Market View: In light of the strong year-to-date gains, the ongoing uncertainty surrounding the trade spat with China, and signs the global economy is slowing, we have tempered our near-term outlook for risk assets. We are not bearish on the equity market, but with the S&P 500 recently reaching a new all-time high, the overall risk/reward outlook has now become less compelling. In the near-term, market price seems to have outdistanced underlying fundamentals as the strong year-to-date performance has resulted solely from the expansion in the market’s P/E multiple. This scenario could leave the market vulnerable to earnings disappointment or negative developments in trade. Earnings growth will be the key driver of forward performance and until revisions begin to move higher, upside from current levels will likely be limited. Better buying opportunities will likely emerge down the road, but now is not the time to be chasing the market higher.
The Week Ahead: Q2 earnings season will begin to hit full stride with nearly 140 members of the S&P 500 scheduled to report. Amongst this group are ten members of the Dow Average. Data reports of interest include; June existing home sales, June new home sales, June durable goods orders and the first estimate of second-quarter GDP. The Fed speaking calendar is nonexistent this week reflecting the traditional blackout period ahead of the scheduled Federal Open Market Committee (FOMC) meeting on July 30 & 31.
The Dow Jones Industrial Average is a price-weighted average of 30 blue-chip stocks that are generally defined as the leaders in their industry. It has been a widely followed indicator of the stock market since October 1, 1928.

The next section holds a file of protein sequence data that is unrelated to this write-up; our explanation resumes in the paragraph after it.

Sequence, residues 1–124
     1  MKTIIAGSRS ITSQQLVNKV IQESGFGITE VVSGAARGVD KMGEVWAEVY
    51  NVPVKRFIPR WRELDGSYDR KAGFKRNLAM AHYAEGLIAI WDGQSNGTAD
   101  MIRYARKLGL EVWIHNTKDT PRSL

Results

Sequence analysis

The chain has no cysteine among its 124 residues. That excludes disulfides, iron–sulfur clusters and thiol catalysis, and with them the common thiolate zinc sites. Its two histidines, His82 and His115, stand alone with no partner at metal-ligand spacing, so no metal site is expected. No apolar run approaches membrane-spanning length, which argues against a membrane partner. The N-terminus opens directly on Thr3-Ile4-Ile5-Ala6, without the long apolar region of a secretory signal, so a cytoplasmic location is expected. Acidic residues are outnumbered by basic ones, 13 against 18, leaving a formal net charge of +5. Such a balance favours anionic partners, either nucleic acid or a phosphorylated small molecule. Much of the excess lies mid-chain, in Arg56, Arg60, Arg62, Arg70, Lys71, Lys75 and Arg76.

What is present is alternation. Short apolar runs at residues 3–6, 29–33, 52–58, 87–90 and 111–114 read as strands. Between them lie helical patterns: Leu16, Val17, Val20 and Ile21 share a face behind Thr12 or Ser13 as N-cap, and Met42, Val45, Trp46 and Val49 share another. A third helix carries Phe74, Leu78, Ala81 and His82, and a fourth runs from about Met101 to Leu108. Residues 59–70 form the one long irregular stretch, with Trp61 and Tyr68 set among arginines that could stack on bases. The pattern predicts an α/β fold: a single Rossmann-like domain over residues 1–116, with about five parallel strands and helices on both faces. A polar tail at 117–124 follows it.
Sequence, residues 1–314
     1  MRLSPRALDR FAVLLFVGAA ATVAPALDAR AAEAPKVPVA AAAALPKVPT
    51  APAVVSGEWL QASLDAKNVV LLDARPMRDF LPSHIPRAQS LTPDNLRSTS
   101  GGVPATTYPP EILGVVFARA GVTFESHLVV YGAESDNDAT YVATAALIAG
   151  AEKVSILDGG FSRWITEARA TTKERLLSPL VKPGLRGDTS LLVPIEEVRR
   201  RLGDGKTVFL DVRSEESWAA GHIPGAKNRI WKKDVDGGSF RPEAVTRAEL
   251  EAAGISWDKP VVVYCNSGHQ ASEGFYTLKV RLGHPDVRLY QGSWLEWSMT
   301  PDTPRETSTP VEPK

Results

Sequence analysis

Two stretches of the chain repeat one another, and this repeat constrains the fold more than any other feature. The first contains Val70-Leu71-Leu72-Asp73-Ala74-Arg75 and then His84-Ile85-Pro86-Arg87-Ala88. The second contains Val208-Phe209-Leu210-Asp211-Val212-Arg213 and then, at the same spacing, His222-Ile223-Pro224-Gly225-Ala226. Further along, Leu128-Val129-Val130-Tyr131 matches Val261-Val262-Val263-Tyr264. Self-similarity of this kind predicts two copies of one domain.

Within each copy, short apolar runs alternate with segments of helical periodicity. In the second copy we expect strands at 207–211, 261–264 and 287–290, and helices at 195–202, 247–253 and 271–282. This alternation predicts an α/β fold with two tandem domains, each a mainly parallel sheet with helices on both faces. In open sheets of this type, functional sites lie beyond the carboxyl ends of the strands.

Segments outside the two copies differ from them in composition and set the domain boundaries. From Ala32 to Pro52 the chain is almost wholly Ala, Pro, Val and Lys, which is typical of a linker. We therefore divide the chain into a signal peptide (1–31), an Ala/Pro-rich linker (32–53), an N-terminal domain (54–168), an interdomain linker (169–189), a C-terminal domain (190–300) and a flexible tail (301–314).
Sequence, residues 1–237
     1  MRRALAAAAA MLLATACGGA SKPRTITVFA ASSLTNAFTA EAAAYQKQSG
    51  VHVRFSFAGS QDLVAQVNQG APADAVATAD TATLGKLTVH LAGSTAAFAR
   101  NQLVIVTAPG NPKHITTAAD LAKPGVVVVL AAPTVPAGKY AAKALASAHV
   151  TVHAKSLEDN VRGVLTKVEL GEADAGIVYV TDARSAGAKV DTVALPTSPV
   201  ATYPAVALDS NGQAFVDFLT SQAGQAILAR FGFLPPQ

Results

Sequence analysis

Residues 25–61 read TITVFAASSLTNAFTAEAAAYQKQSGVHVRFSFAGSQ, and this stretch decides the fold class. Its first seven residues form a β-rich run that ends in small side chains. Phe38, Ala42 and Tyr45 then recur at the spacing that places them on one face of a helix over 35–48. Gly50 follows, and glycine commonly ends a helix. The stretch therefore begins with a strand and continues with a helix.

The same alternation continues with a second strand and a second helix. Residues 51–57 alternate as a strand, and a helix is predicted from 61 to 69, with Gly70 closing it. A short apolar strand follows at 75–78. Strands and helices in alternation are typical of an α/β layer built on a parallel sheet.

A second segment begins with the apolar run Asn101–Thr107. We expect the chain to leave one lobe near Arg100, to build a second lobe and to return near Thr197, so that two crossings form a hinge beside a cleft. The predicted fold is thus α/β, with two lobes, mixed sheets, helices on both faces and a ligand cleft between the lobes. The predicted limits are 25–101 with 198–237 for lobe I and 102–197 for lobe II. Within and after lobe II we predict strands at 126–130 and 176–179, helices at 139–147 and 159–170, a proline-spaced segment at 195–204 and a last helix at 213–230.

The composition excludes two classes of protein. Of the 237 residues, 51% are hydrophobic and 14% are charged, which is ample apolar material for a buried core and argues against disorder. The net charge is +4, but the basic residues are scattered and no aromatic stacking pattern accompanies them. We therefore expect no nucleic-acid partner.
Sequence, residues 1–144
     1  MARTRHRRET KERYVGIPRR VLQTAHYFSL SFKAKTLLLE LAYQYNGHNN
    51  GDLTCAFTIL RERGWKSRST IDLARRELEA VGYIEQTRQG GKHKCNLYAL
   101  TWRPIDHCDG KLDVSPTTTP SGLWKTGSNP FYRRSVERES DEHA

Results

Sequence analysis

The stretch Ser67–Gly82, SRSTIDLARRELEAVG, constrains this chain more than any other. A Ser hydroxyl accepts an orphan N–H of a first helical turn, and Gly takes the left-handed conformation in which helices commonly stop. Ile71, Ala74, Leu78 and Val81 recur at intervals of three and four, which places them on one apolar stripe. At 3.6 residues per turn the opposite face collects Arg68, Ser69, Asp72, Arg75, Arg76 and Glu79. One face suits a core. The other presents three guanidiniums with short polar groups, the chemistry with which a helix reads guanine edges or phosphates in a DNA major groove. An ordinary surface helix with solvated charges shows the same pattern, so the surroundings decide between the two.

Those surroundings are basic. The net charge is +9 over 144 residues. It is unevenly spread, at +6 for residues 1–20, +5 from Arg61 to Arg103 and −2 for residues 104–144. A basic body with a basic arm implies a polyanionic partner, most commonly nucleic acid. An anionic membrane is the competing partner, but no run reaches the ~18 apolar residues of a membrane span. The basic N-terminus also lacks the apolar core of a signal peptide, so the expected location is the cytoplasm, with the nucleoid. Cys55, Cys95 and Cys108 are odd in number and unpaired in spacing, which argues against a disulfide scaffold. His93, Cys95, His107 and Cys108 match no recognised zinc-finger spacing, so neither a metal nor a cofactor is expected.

Wilshire 5000 Total Market IndexSM represents the broadest index for the U.S. equity market, measuring the performance of all U.S. equity securities with readily available price data. The index is comprised of virtually every stock that: the firm's headquarters are based in the U.S.; the stock is actively traded on a U.S. exchange; the stock has widely available pricing information (this disqualifies bulletin board, or over-the-counter stocks). The index is market cap weighted, meaning that the firms with the highest market value account for a larger portion of the index.
Standard and Poor's 500© Index is a capitalization-weighted index of 500 stocks. The index is designed to measure performance of the broad domestic economy through changes in the aggregate market value of 500 stocks representing all major industries.
The NASDAQ Composite Index is a broad-based capitalization-weighted index of stocks in all three NASDAQ tiers: Global Select, Global Market and Capital Market. The index was developed with a base level of 100 as of February 5, 1971.
This material contains opinions of the author, but not necessarily those of Guggenheim Partners, LLC or its subsidiaries. The opinions contained herein are subject to change without notice. Forward looking statements, estimates, and certain information contained herein are based upon proprietary and non-proprietary research and other sources. Information contained herein has been obtained from sources believed to be reliable, but are not assured as to accuracy. Past performance is not indicative of future results. There is neither representation nor warranty as to the current accuracy of, nor liability for, decisions based on such information. No part of this material may be reproduced or referred to in any form, without express written permission of Guggenheim Partners, LLC.